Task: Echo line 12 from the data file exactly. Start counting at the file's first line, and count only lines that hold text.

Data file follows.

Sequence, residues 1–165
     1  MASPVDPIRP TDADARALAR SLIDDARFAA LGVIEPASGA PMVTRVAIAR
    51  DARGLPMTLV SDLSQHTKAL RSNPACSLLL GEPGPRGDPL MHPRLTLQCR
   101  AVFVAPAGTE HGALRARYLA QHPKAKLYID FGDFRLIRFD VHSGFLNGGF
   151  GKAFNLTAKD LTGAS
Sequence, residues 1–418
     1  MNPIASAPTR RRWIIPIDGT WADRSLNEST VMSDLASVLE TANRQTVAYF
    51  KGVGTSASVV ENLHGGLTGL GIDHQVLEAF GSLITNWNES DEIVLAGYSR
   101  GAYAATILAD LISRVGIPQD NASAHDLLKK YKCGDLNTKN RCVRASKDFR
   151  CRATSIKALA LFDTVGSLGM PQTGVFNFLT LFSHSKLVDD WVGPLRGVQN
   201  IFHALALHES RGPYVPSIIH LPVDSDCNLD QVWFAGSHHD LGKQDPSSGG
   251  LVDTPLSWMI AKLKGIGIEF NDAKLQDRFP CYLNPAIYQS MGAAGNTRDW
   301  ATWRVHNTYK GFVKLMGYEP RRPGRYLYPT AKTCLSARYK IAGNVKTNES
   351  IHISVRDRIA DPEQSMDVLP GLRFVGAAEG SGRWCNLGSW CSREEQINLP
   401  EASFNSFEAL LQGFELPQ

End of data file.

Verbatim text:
   251  LVDTPLSWMI AKLKGIGIEF NDAKLQDRFP CYLNPAIYQS MGAAGNTRDW